Blunt believes Cuba could be a good market for Missouri, but doesn’t think it is one yet.

Governor Nixon joins push for lifting embargo on trade with Cuba

Missouri Governor Jay Nixon (D) has added his voice to a group of food and agriculture companies who want President Obama’s announcement he would normalize relations with Cuba to be followed by the lifting of the embargo of trade with the island nation.

Governor Jay Nixon speaks at the "public launch" of the U.S. Agriculture Coalition for Cuba, at the National Press Club in Washington D.C.  (courtesy; the office of Governor Nixon)

Governor Jay Nixon speaks at the “public launch” of the U.S. Agriculture Coalition for Cuba, at the National Press Club in Washington D.C. (courtesy; the office of Governor Nixon)

The U.S. Agriculture Coalition for Cuba held a “public launch” today in Washington D.C. Along with several members of the U.S. House and Senate that spoke in support of the effort was Governor Nixon.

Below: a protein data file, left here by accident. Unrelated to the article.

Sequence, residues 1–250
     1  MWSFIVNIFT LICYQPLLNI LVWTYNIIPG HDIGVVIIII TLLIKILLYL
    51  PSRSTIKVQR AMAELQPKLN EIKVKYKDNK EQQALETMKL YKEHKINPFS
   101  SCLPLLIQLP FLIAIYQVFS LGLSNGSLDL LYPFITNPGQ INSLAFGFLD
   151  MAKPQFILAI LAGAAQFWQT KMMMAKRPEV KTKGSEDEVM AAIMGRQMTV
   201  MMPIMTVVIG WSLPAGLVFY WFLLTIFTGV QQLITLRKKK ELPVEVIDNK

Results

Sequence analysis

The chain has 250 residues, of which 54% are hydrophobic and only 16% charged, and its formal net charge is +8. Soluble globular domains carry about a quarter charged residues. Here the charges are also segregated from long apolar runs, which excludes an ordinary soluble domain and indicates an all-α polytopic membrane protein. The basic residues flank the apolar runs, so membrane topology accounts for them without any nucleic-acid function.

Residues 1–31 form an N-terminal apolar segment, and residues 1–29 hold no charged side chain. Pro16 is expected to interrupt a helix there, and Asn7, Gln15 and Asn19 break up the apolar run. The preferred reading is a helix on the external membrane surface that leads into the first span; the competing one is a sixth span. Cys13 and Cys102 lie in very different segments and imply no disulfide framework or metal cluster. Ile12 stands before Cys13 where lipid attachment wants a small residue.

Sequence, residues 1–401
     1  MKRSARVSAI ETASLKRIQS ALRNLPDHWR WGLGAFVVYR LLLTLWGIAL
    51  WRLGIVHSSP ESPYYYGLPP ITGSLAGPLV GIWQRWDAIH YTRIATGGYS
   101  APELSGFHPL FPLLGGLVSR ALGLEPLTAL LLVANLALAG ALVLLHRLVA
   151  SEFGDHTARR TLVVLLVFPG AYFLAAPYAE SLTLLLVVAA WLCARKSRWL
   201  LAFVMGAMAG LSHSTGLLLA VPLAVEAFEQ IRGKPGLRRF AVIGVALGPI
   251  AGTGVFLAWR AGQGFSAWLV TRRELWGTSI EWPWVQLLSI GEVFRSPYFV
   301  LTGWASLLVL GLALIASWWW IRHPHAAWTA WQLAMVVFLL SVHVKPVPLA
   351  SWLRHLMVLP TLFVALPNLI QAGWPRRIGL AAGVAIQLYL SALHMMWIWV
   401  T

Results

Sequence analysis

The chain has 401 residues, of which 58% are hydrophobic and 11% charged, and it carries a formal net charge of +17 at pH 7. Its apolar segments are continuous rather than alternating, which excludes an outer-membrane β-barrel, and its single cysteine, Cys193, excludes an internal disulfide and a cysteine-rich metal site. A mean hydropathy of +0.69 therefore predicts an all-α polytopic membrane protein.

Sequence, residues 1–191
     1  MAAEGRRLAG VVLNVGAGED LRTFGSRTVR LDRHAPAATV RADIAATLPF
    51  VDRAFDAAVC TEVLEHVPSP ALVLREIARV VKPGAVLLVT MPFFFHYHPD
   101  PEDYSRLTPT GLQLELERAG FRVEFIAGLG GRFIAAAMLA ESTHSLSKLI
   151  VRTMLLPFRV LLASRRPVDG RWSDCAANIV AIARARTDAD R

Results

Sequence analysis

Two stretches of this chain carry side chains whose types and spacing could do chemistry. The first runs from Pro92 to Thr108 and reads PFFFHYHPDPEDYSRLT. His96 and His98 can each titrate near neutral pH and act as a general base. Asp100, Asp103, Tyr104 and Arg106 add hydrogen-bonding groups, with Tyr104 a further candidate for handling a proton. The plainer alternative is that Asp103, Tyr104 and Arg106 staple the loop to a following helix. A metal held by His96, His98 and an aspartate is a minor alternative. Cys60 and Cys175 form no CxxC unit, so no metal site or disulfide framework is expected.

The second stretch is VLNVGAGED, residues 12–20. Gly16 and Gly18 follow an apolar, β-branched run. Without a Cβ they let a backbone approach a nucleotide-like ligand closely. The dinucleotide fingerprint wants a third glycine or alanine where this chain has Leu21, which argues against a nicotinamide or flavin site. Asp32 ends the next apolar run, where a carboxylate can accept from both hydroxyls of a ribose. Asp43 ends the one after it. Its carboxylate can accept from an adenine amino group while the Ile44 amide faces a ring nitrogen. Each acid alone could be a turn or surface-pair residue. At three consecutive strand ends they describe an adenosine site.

“I respectfully … call on members of Congress to support our farmers, support the free market, and support this outstanding opportunity to strengthen our economy right here at home. Now is the time for Congress to follow through and remove these financial restrictions,” Nixon said. “Lift the embargo and do away with the self-imposed barriers that are holding us back.”

Nixon says as long as the embargo remains in place the U.S. is willfully losing out on a major market.

“Brazil alone has quadrupled its exports to Cuba. Quadrupled. We are prepared compete in that zone given a level playing field, that’s for sure,” Nixon said. “In a competitive world we can not ignore 11-million customers 90 miles from our country.”